They made it to Turkey and eventually ended up in Istanbul. Siroos sent his wife and daughter to France but he stayed behind. He hoped that things would change for the better in Iran and he could go back. But everyday there were more and more bad news about arrests and executions. After more than a year in Istanbul, he finally gave up and flew to Paris to re-unite with his family.

In one of his letters, Garsha described the scene at the airport in Paris where Siroos arrived. His little girl was so excited to see her dad that she kept going back and forth and kept asking her mom when her dad would come. Her mother kept telling her to be patient. She would put her face against the glass window and kept looking for her dad. The people at the airport who were waiting for their passengers were all curious about the little girl. They were wondering who she was waiting for. Finally, when Siroos arrived at the baggage claim area, the little girl saw her dad. She jumped up and down and kept telling everyone in French, “Mon Papa…Mon Papa!” Siroos’s wife just stood back and wept quietly. The French bystanders looked at the emotional scene and smiled at the little girl. They had no idea what this family has been through. The family’s long journey out of Iran was finally over.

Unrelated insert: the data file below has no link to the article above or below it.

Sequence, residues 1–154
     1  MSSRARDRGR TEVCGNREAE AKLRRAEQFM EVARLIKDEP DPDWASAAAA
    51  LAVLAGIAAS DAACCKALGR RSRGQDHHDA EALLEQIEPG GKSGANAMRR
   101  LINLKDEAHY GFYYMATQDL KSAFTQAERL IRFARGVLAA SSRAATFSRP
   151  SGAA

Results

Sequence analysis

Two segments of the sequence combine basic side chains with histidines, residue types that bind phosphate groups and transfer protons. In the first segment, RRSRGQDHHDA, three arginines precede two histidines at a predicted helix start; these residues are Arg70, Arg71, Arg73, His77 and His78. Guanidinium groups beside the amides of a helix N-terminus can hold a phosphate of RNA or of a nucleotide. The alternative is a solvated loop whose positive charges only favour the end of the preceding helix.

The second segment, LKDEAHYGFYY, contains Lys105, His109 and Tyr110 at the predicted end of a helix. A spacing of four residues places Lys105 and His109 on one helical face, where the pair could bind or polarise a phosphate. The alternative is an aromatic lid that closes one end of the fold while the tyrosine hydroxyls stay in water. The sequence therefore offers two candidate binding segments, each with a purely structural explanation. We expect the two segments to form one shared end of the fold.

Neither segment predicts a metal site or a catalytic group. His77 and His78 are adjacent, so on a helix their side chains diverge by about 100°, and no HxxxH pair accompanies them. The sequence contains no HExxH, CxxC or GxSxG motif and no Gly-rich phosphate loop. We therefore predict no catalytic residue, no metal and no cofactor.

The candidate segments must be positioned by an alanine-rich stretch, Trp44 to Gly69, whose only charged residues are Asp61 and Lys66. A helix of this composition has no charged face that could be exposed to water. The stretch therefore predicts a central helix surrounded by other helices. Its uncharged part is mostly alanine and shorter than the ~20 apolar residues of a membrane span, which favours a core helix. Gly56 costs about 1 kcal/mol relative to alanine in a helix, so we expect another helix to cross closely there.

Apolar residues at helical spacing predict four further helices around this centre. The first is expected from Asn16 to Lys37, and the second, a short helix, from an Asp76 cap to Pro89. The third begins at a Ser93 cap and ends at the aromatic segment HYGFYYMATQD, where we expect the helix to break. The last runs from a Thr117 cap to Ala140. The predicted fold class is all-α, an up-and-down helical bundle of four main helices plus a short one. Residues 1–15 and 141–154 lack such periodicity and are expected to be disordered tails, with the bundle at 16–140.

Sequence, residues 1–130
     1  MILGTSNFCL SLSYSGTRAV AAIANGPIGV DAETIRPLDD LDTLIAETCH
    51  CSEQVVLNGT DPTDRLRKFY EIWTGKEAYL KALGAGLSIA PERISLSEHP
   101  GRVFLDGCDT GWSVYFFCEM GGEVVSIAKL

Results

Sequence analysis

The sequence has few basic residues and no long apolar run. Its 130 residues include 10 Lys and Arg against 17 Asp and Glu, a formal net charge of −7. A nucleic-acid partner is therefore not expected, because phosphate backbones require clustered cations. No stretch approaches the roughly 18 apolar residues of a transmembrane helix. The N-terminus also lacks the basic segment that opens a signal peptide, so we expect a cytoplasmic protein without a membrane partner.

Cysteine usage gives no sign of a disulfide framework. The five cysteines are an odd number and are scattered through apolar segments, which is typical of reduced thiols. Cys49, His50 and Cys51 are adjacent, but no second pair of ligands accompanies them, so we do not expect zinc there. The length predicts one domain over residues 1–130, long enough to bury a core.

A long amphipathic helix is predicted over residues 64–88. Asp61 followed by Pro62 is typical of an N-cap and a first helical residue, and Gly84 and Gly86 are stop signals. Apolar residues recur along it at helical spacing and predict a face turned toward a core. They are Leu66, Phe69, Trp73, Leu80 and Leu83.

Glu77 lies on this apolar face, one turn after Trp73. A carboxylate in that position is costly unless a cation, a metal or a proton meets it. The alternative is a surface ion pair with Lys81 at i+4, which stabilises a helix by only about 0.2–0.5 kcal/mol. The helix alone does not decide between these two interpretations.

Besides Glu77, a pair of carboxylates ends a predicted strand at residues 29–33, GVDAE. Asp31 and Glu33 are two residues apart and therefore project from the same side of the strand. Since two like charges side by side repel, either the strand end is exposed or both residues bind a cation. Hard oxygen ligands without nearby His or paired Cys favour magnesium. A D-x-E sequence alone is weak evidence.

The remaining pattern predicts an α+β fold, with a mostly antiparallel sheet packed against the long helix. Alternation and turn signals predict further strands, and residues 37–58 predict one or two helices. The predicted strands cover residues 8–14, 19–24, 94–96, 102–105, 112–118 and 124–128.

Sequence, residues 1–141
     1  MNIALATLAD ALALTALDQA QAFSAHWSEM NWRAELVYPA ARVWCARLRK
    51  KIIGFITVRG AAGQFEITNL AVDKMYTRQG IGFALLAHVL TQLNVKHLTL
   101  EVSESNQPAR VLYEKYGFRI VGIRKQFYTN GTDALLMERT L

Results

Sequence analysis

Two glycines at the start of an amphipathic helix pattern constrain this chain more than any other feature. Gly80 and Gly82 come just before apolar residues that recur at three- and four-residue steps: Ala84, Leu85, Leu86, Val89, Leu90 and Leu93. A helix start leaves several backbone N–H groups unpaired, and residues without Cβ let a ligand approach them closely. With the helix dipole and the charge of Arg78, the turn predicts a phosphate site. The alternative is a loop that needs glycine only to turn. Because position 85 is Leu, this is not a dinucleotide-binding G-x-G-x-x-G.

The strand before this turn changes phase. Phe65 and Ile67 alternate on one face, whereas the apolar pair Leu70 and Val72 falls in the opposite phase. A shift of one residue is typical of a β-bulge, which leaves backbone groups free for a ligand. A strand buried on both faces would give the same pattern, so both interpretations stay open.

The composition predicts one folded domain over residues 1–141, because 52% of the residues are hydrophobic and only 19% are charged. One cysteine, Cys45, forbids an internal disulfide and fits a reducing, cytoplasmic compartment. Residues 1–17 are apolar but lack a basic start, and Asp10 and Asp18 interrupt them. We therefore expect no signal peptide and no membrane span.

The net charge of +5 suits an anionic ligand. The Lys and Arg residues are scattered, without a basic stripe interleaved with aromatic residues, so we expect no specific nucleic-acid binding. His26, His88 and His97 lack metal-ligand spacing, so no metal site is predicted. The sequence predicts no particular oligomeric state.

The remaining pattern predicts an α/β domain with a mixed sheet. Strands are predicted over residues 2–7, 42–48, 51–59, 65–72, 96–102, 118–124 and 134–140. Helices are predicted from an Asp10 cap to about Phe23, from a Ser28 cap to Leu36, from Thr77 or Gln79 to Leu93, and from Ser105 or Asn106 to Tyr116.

I put Garsha’s letters back in the small box in my garage. I just didn’t want to look at them. But I know that one of these days, when I have more free time I will sit down and read them again. They are in a way the story of the hopes and the disillusionments of many of the Iranians of that time period.


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Maryam Hojjat

Sargord, did morteza Khamaneie defend IRAN in WAR?

by Maryam Hojjat on

or Rafsanjani's sons or other bastars' sons ? so, Please shut up.


Faramarz I have a box too....

by Tahirih on

 I escaped Iran 27 years ago and have a box too with my original letters to my family from Pakistan (which my brother kept and sent me years later). I look at them every few years or more,because they remind me of such a painful period in my life.

Iran will be freed from this corrupt and unjust government and either we will go back or our children,but one thing is certain to me Iran will be freed.



BTW recently in Iran I found my OWN box of letters!

by Anonymouse on

My parents had gathered ALL my letters dating back to 1978 or so and I tell you I felt bad for myself and my family for what we went through.  Compared to what others went through mine was nothing.  But still there was a big WTF question mark!

I didn't read all the letters but put them all in a box for later (since they were all scattered in various boxes) if someone else or myself (in retirement :-) wanted to read them someday.

I don't keep my letters here anymore but my parents had kept COPIES of their own letters! So I'm covered! 

Everything is sacred

maziar 58


by maziar 58 on